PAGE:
Initially created in 1995, PHP is one of the prominent server-side scripting languages that still helps 7 out of 10 websites succeed. According to Google Trends PHP still outshines all its competitors, nearly 25 years after its birth.
There are a wide range of PHP frameworks to choose from — CakePHP, Laravel, Codelgniter, Symfony, and Zend, to name a few—that speed up development and all are unique in their approach.
Amongst these, the venerable CakePHP is often crowned as the workhorse of PHP frameworks. Let us explore why.
What is CakePHP: A Brief Introduction
CakePHP is an open-source PHP framework for building web applications faster. Most importantly, it helps make the task simpler by minimizing the need to build your application from scratch.
Once the developer is done learning a few conventional rules like calling a class in a certain way or ending the name of a foreign field of a table with “_id”, the framework’s backend creates everything by itself, thereby making the code faster, stronger, tastier—as its website suggests.
The official CakePHP website describes itself as:
“CakePHP makes building web applications simpler, faster while requiring less code. A modern PHP 7 framework offering a flexible database access layer and a powerful scaffolding system that makes building both small and complex systems simpler, easier and, of course, tastier. Build fast, grow solid with CakePHP.”
The CakePHP model advantages and popularity have helped it gain a lot of support from the community—over 8300 stars and 3500+ forks on GitHub, plus a forum, and official as well as unofficial docs. Because of this support, CakePHP developers get motivated to work hard and come up with the cakephp latest version to keep up with the ever-evolving PHP web development ecosystem.
On 5th October 2020, it announced the release of CakePHP 4.1.5.
Ingredients that Make the CakePHP Recipe Tasty
“Cake is a rapid development framework for PHP which uses commonly known design patterns like Active Record, Association Data Mapping, Front Controller and MVC. Our primary goal is to provide a structured framework that enables PHP users at all levels to rapidly develop robust web applications, without any loss to flexibility.” ~ CakePHP
The Cake framework’s MVC implementation largely follows the concepts used by Ruby on Rails.
It is a simple paradigm to structure an application into three parts: Models, Views, and Controllers.
- A model layer represents that part of your application, which implements the business logic. It supports data handling.
- View supports data rendering on the screen. Being structurally separated, the data can be represented differently, depending on who requests them. For example, it can ideally be JSON for an app, while for an HTML Browser, CakePHP does this transparently.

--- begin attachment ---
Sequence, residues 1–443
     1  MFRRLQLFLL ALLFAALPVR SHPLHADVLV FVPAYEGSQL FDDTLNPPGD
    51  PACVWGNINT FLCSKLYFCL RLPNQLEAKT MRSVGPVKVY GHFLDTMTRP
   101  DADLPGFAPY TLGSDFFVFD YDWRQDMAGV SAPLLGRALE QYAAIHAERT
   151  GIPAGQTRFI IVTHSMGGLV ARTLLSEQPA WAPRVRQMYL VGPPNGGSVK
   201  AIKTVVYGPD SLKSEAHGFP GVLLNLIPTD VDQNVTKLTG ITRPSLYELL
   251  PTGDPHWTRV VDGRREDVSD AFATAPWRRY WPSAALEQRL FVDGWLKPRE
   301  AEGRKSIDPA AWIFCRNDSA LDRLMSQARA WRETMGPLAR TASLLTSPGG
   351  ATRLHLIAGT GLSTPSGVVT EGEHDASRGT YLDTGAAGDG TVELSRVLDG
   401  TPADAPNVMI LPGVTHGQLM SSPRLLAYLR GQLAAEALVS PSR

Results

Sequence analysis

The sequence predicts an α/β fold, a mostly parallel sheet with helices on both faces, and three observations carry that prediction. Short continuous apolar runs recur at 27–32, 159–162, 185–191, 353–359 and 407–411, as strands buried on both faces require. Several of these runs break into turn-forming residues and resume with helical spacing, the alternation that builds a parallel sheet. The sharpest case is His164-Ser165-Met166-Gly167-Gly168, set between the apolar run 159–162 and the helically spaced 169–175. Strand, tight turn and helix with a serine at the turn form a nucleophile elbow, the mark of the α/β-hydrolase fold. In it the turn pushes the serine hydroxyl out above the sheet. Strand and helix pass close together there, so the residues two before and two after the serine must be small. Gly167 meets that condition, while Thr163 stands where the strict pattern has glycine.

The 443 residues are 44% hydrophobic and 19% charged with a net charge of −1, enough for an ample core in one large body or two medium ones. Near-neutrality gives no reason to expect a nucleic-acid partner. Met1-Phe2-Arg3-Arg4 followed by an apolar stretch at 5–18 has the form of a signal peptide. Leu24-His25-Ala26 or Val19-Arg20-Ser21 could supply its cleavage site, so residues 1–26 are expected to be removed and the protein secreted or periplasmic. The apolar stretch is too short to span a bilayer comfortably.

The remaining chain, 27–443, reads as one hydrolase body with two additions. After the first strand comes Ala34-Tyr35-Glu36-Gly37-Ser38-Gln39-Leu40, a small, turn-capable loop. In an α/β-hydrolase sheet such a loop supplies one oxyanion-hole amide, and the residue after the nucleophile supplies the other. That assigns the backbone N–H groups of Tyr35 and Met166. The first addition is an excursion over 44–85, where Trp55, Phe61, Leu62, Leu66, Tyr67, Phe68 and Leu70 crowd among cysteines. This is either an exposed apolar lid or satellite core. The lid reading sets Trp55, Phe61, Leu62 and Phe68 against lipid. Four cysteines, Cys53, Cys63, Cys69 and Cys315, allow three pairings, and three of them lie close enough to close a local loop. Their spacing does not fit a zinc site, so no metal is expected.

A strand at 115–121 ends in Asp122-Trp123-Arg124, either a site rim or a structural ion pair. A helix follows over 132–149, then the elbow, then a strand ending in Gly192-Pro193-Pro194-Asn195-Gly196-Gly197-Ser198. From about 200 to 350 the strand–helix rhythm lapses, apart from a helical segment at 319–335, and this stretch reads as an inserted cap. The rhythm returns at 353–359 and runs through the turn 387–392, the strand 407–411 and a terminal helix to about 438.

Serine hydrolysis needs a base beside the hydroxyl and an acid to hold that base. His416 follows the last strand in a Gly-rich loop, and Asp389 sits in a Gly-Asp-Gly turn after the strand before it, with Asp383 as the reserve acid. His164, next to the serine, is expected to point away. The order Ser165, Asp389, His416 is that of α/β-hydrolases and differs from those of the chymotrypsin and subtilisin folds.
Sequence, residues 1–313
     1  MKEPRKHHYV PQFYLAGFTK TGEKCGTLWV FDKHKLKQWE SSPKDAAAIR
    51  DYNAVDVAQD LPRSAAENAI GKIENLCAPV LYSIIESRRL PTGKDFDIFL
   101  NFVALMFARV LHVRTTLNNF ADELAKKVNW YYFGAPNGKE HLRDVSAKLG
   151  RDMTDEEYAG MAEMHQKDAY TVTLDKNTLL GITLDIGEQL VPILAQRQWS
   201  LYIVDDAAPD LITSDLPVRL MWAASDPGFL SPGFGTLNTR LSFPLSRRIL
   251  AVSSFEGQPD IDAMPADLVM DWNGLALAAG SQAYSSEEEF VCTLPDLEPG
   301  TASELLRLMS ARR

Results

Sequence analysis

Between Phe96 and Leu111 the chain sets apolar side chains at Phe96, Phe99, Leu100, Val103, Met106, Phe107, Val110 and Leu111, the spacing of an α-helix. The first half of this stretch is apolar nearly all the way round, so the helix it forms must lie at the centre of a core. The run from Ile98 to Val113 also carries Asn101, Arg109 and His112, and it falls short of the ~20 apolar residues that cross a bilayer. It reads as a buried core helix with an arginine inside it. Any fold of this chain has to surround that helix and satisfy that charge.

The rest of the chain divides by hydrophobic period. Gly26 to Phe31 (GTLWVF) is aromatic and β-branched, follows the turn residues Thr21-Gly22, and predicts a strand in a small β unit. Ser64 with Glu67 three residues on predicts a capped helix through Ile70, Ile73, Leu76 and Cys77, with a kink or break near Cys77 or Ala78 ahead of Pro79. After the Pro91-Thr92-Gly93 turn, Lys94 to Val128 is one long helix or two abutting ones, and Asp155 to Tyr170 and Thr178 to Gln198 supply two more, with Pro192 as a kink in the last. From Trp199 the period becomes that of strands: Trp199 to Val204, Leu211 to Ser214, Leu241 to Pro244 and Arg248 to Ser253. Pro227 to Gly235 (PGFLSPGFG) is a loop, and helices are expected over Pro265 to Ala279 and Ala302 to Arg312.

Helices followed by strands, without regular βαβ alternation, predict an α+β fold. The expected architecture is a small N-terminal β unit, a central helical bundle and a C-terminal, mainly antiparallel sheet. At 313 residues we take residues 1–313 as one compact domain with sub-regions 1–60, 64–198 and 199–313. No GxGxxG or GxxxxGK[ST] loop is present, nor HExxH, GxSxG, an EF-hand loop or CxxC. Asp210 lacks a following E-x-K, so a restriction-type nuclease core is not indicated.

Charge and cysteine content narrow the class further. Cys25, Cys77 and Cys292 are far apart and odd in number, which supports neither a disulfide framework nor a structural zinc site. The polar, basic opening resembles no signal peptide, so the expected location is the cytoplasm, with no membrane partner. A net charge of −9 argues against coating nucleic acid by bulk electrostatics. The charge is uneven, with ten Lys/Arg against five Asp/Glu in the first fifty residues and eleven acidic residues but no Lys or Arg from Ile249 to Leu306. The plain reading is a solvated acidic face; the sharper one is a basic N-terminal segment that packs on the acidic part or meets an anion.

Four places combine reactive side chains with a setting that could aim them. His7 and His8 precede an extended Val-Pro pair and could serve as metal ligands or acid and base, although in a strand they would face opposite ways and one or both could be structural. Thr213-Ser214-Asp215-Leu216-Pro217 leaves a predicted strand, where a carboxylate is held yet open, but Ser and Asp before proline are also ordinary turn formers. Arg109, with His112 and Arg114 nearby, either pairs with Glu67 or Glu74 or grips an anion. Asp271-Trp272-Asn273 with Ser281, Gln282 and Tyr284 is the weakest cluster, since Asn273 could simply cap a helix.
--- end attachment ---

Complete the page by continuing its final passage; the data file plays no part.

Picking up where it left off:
- Controller processes and responds to events and can modify data before it interacts with the model (database).
Why Use MVC?
- MVC is a tried and tested software design pattern that turns an application into a maintainable, modular, rapidly developed package.
- Crafting application tasks into separate models, views, and controllers make your application very light on its feet.
- Cake PHP MVC framework supports rapid and parallel development.
- With this pattern, it’s very easy to separate the logic from the presentation, which is very useful for large applications and sites.
Convention over Configuration
Convention over configuration is a software design paradigm used by various software frameworks including CakePHP. Its primary focus is to ease developers’ work by decreasing the number of decisions they have to make without losing flexibility.
Now, ‘Convention’ here is referred to as ‘Arbitrary Decision’. A convention, that is already decided, saves the time of developer and reduces the number of defects.
Defects get reduced because:
- Developers have fewer decisions to make, therefore, saving focus on important problems.
- Mismatches between modules or components are reduced.
- The code visually reflects the standard, making deviation apparent.
Why CakePHP Uses Convention over Configuration
CakePHP loves Convention over Configuration and mentions that:
“We are big fans of convention over configuration. While it takes a bit of time to learn CakePHP’s conventions, you save time in the long run. By following conventions, you get free functionality, and you liberate yourself from the maintenance nightmare of tracking config files. Conventions also make for very uniform development experience, therefore, allowing other developers to jump in and help.”
Naming pieces of your application using CakePHP conventions allows developers to gain functionality sans the hassle and maintenance tethers of configuration. The following example explains it pretty well:
- Database table: “articles”
- Table class: ArticlesTable, found at src/Model/Table/ArticlesTable.php